Signs of Cat Teeth Diseases
If your cat's gums and the mucous membranes around it's eyes are pale, it may be bleeding internally or suffering from anemia or a number of other systemic diseases. Call your vet immediately.
Some problems are genetic, inherited tendencies (both of my Himalayans had genetic gum problems), strength of the immune system, and the structure of the mouth help determine how much plaque and tartar develop.
The Importance of Diet
We've discussed the importance of cleaning cat teeth but another important preventative to cat teeth diseases is proper food choices. Feeding crunchy foods other than moist or semi-moist foods is better for the teeth but those moister foods should also be scheduled into the diet for other nutritional benefits that contribute to good health for other body organs.
While dry food can help to prevent tartar, it is not the only answer. Researchers are working to improve moister foods so they don't stick to the tooth as readily, hence allowing food particles to remain in the mouth and bacteria to grow. Plaque mineralizes and forms hard deposits called tartar...just like in humans, and the beginning of cat teeth diseases.
Healthy gums will be firm to the touch, closely attached to the teeth, and pink in un-pigmented areas. Many cats will have black spots on their gums, sometimes in large numbers...these are normal. What is not normal are inflamed, reddened gums, known as gingivitis.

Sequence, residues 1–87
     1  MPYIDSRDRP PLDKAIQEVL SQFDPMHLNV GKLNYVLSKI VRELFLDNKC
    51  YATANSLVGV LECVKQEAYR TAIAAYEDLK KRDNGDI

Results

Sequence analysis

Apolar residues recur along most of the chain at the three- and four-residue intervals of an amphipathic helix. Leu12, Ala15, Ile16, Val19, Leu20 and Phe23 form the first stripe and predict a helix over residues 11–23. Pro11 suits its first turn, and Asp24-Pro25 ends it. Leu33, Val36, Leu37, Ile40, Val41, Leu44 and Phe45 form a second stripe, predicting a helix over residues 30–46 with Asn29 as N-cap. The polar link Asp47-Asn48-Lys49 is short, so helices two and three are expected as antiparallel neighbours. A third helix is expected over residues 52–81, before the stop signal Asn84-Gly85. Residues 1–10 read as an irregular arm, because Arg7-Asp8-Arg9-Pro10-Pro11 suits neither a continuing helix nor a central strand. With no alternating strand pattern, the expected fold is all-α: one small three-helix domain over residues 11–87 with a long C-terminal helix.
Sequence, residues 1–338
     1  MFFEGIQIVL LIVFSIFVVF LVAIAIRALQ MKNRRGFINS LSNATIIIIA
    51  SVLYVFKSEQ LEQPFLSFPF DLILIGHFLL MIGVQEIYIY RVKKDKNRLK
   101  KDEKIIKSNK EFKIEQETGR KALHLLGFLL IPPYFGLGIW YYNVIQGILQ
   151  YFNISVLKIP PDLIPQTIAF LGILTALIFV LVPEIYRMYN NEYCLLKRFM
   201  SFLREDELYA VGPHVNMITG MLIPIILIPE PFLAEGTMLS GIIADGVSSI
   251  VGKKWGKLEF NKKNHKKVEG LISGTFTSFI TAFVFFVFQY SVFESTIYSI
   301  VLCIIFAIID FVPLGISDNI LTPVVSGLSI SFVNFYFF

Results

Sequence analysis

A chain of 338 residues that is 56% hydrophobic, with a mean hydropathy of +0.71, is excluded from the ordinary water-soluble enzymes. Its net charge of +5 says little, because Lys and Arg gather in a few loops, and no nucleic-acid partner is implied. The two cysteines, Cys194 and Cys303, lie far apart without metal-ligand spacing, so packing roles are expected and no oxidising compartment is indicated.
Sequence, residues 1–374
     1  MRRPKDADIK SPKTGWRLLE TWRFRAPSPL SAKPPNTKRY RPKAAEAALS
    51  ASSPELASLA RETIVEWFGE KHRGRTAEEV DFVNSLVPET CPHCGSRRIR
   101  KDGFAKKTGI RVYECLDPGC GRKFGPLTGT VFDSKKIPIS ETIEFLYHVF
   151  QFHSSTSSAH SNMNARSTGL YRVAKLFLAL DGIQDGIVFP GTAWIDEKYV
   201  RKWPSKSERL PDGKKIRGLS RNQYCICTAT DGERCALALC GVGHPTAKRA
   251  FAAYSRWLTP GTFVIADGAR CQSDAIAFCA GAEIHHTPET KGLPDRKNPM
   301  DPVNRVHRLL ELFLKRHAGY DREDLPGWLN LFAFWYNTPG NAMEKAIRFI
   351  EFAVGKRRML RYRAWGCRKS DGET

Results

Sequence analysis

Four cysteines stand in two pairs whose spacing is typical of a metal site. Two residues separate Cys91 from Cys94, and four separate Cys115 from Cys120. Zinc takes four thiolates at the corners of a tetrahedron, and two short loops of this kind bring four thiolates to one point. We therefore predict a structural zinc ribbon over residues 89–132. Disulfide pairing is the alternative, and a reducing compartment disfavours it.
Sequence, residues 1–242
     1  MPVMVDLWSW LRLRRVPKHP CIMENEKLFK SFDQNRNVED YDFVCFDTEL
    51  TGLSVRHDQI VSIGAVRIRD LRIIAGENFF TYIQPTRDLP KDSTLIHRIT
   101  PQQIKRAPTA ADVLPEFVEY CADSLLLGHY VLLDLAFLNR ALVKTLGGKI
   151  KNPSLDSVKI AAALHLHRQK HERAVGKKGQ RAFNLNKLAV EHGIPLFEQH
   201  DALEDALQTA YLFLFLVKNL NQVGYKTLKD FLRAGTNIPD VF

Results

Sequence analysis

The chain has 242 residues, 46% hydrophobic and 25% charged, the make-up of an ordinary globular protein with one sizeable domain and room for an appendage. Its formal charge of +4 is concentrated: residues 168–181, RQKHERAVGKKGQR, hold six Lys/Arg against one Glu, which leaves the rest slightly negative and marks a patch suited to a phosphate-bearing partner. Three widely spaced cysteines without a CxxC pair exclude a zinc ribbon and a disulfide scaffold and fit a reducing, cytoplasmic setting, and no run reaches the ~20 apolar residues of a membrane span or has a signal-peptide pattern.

Periodontal Disease is more serious than Gingivitis
Symptoms of periodontal disease, one of the worst cat teeth diseases include brown debris on teeth, red swollen gums that easily bleed, loose teeth, receding gums, and a cat who is reluctant to eat. A cervical cavity or neck lesion is another form of this disease. Researchers have a number of theories as to what causes this unique tooth decay. They range from diet to immune disorder to virus and to the environment.
What happens is decay forms between the root and crown at the neck of the tooth, where the gum line begins. The cavities eat away at the inside of the tooth and leave it hollow. They are hard to find because they're often hidden beneath swollen gum tissue. X-rays are usually needed for detection.
Periodontal disease is irreversible and may require advanced therapy to prevent progression of the disease. Chewing pumps infection into the cat's bloodstream, an infection can quickly turn into much more. The potential exists for damage in the lungs, heart, liver, and kidneys. The damage can either cause sudden disease or a slow, worsening deterioration that shortens the life of your cat.
Just 10 minutes of cat health care (cleaning it's teeth weekly and feeding a crunchy diet (only supplemented with wet food) can make a big difference in fending off cat teeth diseases.
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